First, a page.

"We try to be original," quavers Kenny Wilson, president of the Levi's brand. His anxieties were eased on reading three months ago in this column that categories are breaking down and people are seeking music of many kinds. "That's exactly what our market research has been telling us," he exclaims. "Young people dip in and out of different kinds of music. They no longer belong to one particular genre. They are open to adventure."

Most people nowadays, when asked what music they like, no longer specify hip hop, opera, hard rock, garage or baroque. They will name a favourite artist or piece, then another. They speak of "my music" in a possessive sense, as if each of us is made up of a stack of MP3s.

Musically speaking, we no longer live in little boxes, a reality that is dawning faster in some quarters than others. It is killing the classical record industry, which is unable to diversify, along with dozens of classical radio stations across America. It's a tough choice. Those outlets that - like BBC Radio 3 - embrace diversity risk losing their diehard following in exchange for a younger listenership. Those that cling to categoric fixity - such as Classic FM - risk being overlooked.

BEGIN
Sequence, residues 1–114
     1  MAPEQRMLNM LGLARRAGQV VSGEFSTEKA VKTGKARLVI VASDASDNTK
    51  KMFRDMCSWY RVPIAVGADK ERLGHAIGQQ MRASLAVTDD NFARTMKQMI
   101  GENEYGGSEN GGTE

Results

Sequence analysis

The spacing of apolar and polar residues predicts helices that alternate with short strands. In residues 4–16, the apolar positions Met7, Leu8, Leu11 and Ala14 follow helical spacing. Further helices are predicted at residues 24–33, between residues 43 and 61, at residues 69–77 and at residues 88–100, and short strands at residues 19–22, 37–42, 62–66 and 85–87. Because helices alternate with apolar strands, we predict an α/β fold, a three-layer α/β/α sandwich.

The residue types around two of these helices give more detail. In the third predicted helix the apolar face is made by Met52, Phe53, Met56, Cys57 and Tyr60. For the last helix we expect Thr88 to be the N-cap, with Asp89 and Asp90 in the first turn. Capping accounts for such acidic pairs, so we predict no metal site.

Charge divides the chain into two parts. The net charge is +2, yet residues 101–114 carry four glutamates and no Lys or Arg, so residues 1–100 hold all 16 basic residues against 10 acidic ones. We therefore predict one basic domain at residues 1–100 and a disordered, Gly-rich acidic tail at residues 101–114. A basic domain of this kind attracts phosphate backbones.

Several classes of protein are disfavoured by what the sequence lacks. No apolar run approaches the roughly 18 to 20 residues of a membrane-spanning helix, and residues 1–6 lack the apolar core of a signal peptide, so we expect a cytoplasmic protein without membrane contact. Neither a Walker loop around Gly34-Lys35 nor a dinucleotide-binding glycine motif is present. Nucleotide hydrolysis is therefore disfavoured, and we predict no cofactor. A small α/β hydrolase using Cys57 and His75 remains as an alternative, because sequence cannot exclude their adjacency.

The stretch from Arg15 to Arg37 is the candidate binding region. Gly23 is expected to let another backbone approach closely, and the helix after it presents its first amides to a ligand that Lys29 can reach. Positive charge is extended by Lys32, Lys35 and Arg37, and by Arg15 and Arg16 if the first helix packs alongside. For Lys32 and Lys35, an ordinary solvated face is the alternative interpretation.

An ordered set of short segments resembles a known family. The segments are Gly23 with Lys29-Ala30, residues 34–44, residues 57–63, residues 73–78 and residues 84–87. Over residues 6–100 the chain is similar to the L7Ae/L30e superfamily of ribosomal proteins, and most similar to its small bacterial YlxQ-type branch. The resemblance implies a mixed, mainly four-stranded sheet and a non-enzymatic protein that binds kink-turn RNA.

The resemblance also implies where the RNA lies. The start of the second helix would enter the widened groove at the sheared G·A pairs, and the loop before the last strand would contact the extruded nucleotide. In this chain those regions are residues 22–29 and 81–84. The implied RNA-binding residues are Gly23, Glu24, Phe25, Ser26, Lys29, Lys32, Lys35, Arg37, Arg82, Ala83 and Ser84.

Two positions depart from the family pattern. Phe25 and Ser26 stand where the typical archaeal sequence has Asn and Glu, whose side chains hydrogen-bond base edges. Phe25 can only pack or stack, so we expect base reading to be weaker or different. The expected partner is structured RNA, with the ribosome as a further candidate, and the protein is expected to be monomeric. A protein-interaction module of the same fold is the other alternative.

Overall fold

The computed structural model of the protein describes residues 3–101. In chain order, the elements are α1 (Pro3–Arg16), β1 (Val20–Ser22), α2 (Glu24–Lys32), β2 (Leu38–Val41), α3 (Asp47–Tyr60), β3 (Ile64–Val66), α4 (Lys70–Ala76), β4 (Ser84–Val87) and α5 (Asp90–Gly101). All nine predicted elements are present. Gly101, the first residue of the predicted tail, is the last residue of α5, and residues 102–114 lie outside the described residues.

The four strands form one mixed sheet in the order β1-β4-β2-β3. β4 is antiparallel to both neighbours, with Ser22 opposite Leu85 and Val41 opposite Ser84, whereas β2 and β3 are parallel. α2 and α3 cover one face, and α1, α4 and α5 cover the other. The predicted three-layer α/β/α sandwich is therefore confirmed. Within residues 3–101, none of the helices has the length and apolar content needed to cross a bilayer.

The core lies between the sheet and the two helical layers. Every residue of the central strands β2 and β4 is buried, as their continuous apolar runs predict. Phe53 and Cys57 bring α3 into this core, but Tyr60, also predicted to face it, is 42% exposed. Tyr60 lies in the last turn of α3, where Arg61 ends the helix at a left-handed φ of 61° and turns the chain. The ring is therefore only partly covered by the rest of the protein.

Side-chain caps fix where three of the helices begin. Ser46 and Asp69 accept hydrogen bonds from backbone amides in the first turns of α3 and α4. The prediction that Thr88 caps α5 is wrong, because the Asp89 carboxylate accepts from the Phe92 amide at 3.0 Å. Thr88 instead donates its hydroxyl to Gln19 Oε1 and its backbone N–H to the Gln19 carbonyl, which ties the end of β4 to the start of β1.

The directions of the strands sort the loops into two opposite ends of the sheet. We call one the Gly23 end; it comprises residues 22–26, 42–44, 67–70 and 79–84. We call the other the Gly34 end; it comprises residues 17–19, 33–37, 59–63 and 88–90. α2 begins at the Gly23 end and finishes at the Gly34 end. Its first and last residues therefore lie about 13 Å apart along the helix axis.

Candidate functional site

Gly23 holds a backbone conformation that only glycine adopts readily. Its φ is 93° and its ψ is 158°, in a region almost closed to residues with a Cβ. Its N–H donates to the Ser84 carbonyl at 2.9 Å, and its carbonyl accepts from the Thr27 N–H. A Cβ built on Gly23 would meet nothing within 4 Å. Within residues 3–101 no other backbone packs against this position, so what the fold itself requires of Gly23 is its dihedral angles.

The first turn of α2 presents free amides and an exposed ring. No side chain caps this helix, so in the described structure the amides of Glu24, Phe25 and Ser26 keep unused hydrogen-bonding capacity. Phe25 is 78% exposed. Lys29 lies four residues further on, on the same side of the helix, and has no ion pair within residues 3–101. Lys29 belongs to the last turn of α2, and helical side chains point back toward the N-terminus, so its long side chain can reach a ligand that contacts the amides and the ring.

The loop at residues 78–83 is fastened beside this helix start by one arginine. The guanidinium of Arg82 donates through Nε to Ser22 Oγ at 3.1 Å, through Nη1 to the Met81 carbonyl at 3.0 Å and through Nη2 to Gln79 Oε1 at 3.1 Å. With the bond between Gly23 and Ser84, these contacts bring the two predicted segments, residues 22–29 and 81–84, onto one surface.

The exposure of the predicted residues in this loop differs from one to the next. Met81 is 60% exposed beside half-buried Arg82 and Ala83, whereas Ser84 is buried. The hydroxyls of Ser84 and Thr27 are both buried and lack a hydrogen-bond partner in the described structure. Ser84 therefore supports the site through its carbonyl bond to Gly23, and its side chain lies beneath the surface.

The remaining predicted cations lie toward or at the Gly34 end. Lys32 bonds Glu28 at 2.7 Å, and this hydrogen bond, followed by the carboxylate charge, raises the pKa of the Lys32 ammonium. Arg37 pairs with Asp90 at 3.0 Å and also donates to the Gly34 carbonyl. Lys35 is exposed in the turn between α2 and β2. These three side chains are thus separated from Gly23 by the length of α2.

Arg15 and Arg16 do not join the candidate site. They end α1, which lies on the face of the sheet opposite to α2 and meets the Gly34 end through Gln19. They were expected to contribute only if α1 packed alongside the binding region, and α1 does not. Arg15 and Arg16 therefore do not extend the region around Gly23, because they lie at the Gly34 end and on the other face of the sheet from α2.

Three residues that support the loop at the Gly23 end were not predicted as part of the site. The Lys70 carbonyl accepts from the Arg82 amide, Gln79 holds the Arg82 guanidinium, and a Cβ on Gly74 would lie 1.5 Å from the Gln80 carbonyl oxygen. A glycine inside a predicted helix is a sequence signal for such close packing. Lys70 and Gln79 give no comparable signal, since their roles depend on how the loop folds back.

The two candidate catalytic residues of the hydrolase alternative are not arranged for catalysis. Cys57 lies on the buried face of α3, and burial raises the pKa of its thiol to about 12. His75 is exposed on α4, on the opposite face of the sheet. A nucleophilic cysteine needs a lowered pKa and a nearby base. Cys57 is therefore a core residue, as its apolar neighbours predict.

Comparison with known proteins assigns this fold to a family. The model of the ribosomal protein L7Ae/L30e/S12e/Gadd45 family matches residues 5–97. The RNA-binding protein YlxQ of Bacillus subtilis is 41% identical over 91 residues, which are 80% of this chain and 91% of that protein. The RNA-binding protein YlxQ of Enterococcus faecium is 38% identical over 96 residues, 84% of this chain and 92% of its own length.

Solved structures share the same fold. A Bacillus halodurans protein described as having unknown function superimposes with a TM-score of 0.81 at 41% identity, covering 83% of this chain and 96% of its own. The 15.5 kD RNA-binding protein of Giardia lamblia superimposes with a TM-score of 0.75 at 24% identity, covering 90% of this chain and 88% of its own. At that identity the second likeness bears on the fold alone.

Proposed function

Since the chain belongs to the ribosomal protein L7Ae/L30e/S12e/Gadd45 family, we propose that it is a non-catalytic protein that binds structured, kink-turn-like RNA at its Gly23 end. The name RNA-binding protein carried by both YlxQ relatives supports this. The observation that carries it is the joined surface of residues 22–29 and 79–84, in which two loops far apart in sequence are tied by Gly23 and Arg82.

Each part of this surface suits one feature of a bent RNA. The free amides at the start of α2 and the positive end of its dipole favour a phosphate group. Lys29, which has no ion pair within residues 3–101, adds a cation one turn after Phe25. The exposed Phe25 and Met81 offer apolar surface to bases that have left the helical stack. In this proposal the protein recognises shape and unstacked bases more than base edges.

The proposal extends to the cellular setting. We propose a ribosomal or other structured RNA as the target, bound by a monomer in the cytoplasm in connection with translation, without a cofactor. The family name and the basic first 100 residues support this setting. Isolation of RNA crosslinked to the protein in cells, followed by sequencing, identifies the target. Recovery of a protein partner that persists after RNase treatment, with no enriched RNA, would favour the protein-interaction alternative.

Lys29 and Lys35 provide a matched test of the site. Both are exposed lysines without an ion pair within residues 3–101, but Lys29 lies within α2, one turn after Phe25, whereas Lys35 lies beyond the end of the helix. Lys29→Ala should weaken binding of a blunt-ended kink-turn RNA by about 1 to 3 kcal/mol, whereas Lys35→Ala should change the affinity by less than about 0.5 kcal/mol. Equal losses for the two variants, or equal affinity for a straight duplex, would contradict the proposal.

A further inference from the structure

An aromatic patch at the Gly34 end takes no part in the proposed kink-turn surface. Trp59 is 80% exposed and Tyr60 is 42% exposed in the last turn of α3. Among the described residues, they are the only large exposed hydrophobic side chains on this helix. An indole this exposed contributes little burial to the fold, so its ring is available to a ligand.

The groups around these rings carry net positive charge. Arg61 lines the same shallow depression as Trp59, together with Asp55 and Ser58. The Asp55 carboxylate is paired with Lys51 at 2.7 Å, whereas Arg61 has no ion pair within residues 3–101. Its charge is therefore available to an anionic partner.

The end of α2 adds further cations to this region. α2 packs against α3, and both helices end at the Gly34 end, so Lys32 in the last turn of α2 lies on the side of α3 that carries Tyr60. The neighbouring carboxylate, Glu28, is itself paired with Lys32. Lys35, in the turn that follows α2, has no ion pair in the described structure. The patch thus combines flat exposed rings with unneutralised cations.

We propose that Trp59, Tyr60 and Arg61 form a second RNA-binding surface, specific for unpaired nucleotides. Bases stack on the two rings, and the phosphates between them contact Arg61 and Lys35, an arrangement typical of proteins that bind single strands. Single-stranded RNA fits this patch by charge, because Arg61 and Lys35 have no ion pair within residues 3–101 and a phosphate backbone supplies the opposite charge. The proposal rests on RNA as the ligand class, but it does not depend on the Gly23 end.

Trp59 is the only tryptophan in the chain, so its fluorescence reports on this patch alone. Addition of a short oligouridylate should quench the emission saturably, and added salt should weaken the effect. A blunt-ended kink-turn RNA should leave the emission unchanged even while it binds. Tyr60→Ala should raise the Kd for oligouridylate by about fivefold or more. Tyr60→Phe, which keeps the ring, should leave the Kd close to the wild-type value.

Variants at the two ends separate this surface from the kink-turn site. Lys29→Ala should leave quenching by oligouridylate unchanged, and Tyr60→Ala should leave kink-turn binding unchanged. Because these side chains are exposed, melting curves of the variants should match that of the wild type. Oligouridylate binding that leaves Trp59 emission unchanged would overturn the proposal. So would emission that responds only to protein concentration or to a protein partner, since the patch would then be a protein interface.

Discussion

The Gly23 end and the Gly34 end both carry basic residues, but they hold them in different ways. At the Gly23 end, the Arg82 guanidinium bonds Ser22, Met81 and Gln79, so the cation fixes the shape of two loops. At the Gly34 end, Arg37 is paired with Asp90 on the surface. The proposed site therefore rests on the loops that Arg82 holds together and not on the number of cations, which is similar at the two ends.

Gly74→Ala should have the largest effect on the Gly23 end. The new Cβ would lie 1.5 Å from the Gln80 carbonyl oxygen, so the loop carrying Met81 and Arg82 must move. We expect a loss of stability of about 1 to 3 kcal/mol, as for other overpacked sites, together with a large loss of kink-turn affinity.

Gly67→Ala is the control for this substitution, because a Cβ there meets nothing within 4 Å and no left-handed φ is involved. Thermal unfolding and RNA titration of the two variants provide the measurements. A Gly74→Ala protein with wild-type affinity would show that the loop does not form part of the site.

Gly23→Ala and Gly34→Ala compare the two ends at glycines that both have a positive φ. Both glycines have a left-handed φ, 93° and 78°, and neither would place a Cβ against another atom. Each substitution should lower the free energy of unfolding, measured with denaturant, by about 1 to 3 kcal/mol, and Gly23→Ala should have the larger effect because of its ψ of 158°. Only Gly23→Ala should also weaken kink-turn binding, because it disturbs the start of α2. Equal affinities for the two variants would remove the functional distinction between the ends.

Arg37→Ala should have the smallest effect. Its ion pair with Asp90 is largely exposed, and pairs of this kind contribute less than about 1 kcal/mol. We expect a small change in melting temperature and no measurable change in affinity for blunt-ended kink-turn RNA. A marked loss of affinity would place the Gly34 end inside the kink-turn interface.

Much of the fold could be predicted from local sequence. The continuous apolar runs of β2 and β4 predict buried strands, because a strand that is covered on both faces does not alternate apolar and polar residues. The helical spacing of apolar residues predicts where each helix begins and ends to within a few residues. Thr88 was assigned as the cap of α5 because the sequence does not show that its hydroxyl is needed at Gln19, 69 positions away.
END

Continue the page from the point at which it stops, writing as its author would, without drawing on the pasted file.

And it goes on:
In the thick of the biggest technological, demographic and moral upheavals for two centuries, our cultural needs are changing gear. Classical no longer means what it did in the 20th century. It is not the elite preserve of the middle-aged middle classes, nor is it off limits to kids..

Advertising folk with the best trend research reckon that old music is no longer a deterrent. "Kids are exposed to so much classical-type music in the movies," says David Kershaw, founding partner of M&C Saatchi, "it doesn't jar on them. Perhaps they hardly notice it."

Kenny Wilson of Levi's believes they do, and they will. "We have the feeling that this is a defining moment," he says, "both for where youth culture is going and for the shape of advertising." I'll quote that back to him a year from now, but the evidence is stacking up on the side of pluralism. The music of the future will be multiple choice, not monolithic, and classical will form a part in the mass consumer's musical portfolio.

Visit every week to read Norman Lebrecht's latest column. [Index]



(c) La Scena Musicale 2001